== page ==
9 Responses to “Marital Considerations”

  1. Reina said

    Marriage contains far too many unknowns, and the entire idea is far too intimidating. I really might faint at the altar from the sheer enormity of what I’m committing to.

    If it wasn’t for children, I might not ever do it.

    All I can say is PRENUP.

  2. Reklaw said

    I am approaching my 10th year of marriage and I have learned a tremendous amount about people and how they view relationships. One major piece of advice that I would give anyone about marriage is to marry your best friend. Establish a true friendship before the complexities of dating,and sex enter the picture. When you have been good friends with someone, you often treat them better than your own brother/sister. True friends always should have each others best interest at heart. If you enter a relationship/marriage with someone that is a friend, it tends to be a LOT easier to manage the good & bad times together. Before anyone gets married, go to pre-marital counseling and take it seriously. You will learn things about yourself and your partner. Our pastor said these words to us…Your success & pleasures will be doubled but your current problems will be tripled.

  3. Vicky said

    I have to disagree with the statement that most men aren’t looking for marriage. I know a lot of men who model themselves after their fathers and want to be in marriages because they grew up idolizing their father’s role in a marriage. True, a lot of single woman are “looking” for marriage, instead of just letting it happen.

    My husband and I just celebrated our seven year anniversary last week. And while we do not epitomize the “perfect” marriage, what works for us is exactly what’s missing in a lot of relationships today – “untogetherness”. Yes, I’m making up words, LOL. Most people emphasize togetherness in a marriage. But a lot of people lose themselves in marriage. They become an extension of each other, instead of being two separate people coming together. My husband and I share a lot of interests, dreams, and aspirations. But we also have separate interests that we pursue apart from each other, and neither of us begrudges the other for it.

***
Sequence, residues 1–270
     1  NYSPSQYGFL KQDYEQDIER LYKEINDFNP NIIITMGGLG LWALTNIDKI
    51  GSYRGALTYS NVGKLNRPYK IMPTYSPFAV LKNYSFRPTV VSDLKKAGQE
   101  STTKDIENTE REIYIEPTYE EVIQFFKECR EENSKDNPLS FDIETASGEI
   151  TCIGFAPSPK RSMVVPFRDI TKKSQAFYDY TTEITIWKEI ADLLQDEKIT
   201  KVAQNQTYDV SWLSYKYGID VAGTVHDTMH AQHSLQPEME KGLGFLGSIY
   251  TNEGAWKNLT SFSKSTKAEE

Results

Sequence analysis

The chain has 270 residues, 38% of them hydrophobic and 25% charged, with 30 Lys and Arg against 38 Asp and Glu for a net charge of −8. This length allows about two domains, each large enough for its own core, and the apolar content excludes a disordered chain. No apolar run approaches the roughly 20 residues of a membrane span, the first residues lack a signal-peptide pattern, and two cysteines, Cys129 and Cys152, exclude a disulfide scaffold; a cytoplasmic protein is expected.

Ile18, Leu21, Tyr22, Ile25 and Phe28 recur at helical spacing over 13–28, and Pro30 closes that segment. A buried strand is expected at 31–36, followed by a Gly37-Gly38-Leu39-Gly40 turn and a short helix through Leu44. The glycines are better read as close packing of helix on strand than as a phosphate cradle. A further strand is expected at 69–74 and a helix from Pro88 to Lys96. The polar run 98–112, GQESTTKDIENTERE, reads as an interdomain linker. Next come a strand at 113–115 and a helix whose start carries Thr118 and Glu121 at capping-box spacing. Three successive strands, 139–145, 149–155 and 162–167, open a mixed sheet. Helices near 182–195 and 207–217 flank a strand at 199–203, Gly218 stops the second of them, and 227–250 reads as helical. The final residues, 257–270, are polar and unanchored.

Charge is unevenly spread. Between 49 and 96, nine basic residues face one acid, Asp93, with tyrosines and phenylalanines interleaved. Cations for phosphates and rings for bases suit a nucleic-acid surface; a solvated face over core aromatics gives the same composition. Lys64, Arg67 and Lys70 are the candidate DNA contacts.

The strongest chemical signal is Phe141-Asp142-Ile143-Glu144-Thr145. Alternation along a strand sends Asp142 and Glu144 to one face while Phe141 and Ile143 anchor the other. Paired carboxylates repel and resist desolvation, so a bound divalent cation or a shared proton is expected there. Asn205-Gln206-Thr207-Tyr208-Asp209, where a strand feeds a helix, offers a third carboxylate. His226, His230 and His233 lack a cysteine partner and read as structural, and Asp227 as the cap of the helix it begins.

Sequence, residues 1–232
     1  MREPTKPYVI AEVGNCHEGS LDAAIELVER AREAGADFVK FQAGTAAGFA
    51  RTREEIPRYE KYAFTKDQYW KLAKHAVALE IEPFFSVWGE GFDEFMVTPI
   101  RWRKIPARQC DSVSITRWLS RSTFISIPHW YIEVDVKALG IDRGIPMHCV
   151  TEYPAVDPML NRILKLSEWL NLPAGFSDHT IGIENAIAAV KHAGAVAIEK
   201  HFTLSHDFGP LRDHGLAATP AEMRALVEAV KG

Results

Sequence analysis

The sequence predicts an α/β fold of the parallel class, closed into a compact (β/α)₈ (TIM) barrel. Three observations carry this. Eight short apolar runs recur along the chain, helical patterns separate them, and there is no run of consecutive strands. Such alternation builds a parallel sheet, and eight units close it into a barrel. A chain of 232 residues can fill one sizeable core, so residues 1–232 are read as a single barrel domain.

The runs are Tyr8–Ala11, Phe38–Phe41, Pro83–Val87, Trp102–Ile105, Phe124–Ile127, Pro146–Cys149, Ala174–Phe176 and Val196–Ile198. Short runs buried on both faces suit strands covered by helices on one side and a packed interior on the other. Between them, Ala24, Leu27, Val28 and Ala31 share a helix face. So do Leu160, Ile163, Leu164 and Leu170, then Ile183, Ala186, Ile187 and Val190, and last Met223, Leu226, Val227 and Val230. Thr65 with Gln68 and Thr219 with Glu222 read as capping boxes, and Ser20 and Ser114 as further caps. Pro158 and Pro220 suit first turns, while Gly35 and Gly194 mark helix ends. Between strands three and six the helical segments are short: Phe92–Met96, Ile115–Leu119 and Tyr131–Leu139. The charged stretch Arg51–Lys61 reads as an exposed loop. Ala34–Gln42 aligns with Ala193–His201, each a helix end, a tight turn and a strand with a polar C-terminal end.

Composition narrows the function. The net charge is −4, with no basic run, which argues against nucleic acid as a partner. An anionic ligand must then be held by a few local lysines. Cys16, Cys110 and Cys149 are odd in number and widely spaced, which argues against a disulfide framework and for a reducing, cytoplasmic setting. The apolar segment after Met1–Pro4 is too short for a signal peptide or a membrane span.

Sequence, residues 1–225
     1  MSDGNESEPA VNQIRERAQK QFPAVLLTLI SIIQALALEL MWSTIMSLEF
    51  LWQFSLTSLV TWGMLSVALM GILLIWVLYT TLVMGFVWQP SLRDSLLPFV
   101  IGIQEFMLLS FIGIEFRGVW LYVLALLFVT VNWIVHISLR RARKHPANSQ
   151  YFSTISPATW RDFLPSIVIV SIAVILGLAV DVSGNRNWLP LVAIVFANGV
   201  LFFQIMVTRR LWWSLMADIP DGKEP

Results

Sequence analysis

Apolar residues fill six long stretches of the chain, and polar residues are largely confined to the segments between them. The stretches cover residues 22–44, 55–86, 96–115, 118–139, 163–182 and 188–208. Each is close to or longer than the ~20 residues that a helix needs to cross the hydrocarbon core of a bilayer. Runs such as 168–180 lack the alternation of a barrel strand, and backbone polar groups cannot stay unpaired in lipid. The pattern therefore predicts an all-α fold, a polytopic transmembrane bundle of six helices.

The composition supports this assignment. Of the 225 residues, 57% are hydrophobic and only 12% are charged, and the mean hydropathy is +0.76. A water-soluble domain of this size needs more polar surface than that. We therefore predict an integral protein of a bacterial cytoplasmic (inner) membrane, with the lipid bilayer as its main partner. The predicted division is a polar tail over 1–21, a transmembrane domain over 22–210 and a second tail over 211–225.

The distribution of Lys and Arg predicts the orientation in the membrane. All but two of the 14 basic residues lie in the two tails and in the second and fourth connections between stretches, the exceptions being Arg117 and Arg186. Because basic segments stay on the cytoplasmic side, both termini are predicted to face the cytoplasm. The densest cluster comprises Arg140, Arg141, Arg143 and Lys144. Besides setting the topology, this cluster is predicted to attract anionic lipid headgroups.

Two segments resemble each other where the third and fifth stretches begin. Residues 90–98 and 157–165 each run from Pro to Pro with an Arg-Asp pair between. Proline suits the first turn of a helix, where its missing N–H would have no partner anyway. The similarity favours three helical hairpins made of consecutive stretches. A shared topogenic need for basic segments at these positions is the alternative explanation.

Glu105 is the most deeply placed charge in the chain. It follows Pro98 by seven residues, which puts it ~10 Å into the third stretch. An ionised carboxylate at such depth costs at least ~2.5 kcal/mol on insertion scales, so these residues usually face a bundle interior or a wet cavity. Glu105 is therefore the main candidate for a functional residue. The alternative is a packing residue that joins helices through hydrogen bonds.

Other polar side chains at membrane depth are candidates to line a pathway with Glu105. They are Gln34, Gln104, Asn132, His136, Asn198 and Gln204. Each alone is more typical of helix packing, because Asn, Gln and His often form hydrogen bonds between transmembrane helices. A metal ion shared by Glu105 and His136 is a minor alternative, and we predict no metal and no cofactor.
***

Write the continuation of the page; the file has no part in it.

As far as “preparing for divorce”, I’ll have to think more on that one. Wil. and Jada Smith have a saying that “Divorce is not an option” in their relationship, so why prepare for it.

    • and1grad said

      Totally agree on maintaining your individualism in relationships. I think a lot of people fail to realize this. I dont have to be involved in everything you do & you dont need me to be interested in everything that interests you.

      As far as Will & Jada go…”by failing to prepare, you preparing to fail.”

  4. I agree with both of your most recent post but I didnt make it in time to comment on the other marriage blog before this one came up. 1) I agree there is no real incentive (or rush) for a man to get married and certainly not on the level there is for a woman and 2) planning to have a marriage that last beyond the wedding day could definitely NOT hurt.

  5. Considering that men more often than not do the proposing, I think your point although noteworthy, is completely flawed.
    Unless men have no willpower or self-dignity then I can’t for the life of me understand why propose to someone if you don’t actually want to marry.
    I’ve been proposed to more than once, but like Reina, the idea of marriage has so far been too intimidating for me.

    • and1grad said

      Exactly what point is flawed? And why?

      • This point: “I think women, far moreso than men, want to get married. I sincerely believe women are what drive the practice of marriage, as most men would, more than likely, be perfectly fine as just a partner/companion.”

        For the first reason I mentioned in original comment, ie that men propose marriage more often than women